GNOME Day 3 (Nitpicks and plasma-desktop test)

So, another day with GNOME on the laptop. First, I’ll go over the things brought up in the comments of yesterday’s post. I also replied in the comments to most, but I know going to posts to read comments is something I do rarely, so I’ll make it convenient for others to get the discussion.

To Adam, I mentioned that I would be trying out GNOME Shell anyways, so no need to worry that I was trying alpha software at the whim of a comment ;) . I tried gdevilspie, but couldn’t get it to actually do anything. The options indicate it can do what I want, but it just doesn’t do it. The GUI says the service is running, but neither Metacity nor GNOME Shell picked up on the rules at all.

To Nicolas, I know that the screen is actually 129 dpi, but the fonts are too big then. To get them to the size I want them to be, I have to set it to 6pt and 4pt for regular and small text, respectively. The font selections go to 6pt as a minimum, so anything meant to be smaller is just the same size. I’m sure I can edit it in gconf, but meddling in there is after I try doing it all through a GUI. The fonts getting bigger with higher dpi seems backwards to me since you should be able to show the same size with smaller physical size, but maybe I’m missing some key detail as to why the opposite is true. So the only way to get the font sizes I want is to set the dpi to a lower value, probably 96 dpi since I know the font sizes at that dpi.

To Alexander, pressing Shift while moving a window gets the effect I want, but only snapping is jarring and not really what I expect.

To twilightomni, the animations are something that I find dispensable. They aren’t necessary for things to work. The main reason I find fault in requiring 3d acceleration is that nvidia users are left out in the cold or forced to go for the blob. One of the reasons for this install was so that my KDE install with nouveau isn’t screwed up when I no longer need the nvidia driver. I have more on this issue today.

Second, the nitpicks that I’ve found with usage. First, I tried to use Guake which is supposed to be similar to YaKuake. Upon trying to start it, it just crashed (yes, a bug has been filed). I’ll look into it once the issue is fixed. This crash triggered abrt to report the crash. Now this is an issue that I’ve been finding all over the place, but dialogs are not given focus when they are created. I need to manually move the mouse (or alt+tab, but i have issues with GNOME Shell’s way of doing this as I went over yesterday) to give the dialog focus. In abrt’s case, it also put the dialogs underneath other windows or dialogs making me wonder why the application had become unresponsive. Having translucent windows as I normally do would help avoid the discovery that there is a modal dialog hiding among the others, but it would only ease the issue, not solve it. I also spotted a spelling error in the dialog that requests for credentials. The word “below” is misspelled as “bellow”. If this post isn’t enough to be considered a bug report, I’ll file a formal one.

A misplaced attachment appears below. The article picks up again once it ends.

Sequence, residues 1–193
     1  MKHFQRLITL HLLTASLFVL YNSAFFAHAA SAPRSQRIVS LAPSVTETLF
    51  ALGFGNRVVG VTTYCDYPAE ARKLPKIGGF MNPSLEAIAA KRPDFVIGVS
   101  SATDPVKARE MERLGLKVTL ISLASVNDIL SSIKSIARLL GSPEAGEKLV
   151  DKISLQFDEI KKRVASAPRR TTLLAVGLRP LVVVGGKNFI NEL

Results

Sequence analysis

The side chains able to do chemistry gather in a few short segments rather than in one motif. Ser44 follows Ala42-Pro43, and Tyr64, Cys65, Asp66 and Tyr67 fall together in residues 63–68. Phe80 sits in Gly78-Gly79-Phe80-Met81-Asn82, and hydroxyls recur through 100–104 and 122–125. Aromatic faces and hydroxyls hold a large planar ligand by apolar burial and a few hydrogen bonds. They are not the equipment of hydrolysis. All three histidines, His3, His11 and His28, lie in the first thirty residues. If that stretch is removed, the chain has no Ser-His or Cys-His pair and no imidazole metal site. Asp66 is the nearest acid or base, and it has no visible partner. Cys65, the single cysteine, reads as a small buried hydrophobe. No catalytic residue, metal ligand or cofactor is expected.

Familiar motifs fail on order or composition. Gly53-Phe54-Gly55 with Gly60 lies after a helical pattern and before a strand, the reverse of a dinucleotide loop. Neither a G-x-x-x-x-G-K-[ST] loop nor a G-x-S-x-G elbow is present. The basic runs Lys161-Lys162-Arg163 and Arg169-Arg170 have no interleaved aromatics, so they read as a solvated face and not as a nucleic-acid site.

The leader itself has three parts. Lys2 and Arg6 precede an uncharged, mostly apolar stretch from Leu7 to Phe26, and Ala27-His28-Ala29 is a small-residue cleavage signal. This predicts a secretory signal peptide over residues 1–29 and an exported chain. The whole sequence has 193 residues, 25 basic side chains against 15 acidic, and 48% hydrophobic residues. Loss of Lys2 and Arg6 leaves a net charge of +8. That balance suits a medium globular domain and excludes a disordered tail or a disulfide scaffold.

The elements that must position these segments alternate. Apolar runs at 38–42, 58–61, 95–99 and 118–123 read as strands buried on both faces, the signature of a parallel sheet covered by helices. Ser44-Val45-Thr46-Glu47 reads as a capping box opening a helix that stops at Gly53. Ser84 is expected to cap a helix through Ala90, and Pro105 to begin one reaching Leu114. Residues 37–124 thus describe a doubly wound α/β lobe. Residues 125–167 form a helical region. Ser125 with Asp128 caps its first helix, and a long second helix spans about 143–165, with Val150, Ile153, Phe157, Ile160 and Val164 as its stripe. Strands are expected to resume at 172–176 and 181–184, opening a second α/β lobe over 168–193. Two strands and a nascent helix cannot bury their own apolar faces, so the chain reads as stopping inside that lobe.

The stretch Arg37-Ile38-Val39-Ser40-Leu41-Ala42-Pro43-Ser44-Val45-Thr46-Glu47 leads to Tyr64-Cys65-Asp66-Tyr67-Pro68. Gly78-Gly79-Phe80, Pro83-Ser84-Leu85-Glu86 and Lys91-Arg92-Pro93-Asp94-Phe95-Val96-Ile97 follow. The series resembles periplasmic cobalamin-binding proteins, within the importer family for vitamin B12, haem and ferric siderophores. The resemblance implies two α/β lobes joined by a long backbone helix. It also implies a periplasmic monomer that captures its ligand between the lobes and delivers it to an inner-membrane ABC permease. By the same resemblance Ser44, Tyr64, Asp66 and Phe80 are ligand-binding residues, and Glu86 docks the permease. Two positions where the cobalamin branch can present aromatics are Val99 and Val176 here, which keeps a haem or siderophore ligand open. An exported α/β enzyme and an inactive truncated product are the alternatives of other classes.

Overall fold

There are also some migration pains with Nautilus. In Dolphin, F10 creates a new directory and prompts for a name. In Nautilus (and elsewhere), F10 gives the menubar focus (just like in the latest incarnations of Windows). Both KDE and GNOME also allow alt+<letter> to access the menubar, but in GNOME, F10 is a wasted key. This also conflicts with htop when inside of a gnome-terminal, but at least ‘q’ still works to quit as well. The screensaver also automatically locks the screen. I want it to lock, but I want some time to catch it and prevent it from forcing me to put my password in if I’m reading something (like my notes for these posts). I also found a quirk in PackageKit. After selecting and installing a set of packages, they are still checked in the interface, but the “Clear” action does nothing to change these selections which is a little odd, I thought.

For GNOME Shell, I do have issue with it not supporting a low-end setup without 3d acceleration. First, nvidia users are left to either stick with Metacity or use non-Free drivers which require some additional repositories to be enabled. Other chipsets have similar issues, but nvidia is the most noted one. Personally, I have found that the only thing that is used that really requires acceleration is the “Activities” view. Everything else is just animations and other effects that don’t really add any useful features to the experience (maybe I’m missing things, let me know). It is sort of necessary since there is no other way to easily launch applications that I can approve of for general use. With no other option to fall back to, there is no way to lower power consumption. KWin suspends its (well, PowerDevil triggers it, but it’s there) compositing when low on power to help prolong battery life. GNOME Shell has nowhere to drop to other than Metacity which loses essential and key features of GNOME Shell.